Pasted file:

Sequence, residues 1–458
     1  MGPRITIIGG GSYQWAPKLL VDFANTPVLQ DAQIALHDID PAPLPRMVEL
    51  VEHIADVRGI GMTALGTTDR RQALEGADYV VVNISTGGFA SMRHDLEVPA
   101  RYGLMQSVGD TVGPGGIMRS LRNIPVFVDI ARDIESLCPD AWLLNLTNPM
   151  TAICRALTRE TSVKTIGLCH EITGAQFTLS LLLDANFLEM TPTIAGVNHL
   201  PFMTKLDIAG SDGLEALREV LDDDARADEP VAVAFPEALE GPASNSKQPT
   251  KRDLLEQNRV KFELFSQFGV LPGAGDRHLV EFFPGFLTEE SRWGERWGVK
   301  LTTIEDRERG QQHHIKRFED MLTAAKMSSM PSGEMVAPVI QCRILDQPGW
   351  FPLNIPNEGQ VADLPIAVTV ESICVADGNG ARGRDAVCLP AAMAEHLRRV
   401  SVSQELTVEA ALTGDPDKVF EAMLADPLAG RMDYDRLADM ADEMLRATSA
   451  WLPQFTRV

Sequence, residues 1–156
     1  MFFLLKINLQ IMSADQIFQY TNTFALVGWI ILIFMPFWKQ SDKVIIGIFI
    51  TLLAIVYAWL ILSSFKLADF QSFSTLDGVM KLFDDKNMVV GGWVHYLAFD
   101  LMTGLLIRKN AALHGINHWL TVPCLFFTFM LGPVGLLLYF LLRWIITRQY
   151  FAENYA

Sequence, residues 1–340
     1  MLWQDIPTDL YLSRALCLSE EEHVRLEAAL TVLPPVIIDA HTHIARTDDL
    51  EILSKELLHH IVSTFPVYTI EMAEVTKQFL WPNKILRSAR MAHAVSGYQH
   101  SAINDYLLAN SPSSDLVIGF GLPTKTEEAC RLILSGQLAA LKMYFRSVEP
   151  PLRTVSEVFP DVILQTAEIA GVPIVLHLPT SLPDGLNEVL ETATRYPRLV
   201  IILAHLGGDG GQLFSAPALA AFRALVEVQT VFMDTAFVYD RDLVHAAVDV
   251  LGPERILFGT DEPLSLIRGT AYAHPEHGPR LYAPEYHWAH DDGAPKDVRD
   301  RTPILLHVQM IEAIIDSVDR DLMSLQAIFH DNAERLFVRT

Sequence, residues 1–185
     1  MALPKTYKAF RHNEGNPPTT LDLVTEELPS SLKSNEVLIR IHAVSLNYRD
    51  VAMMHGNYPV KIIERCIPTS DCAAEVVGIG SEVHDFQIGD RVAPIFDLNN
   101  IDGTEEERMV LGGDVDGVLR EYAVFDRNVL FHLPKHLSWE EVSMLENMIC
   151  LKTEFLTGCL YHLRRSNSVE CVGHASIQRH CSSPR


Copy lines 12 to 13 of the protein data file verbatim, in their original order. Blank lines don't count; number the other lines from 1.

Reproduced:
Sequence, residues 1–156
     1  MFFLLKINLQ IMSADQIFQY TNTFALVGWI ILIFMPFWKQ SDKVIIGIFI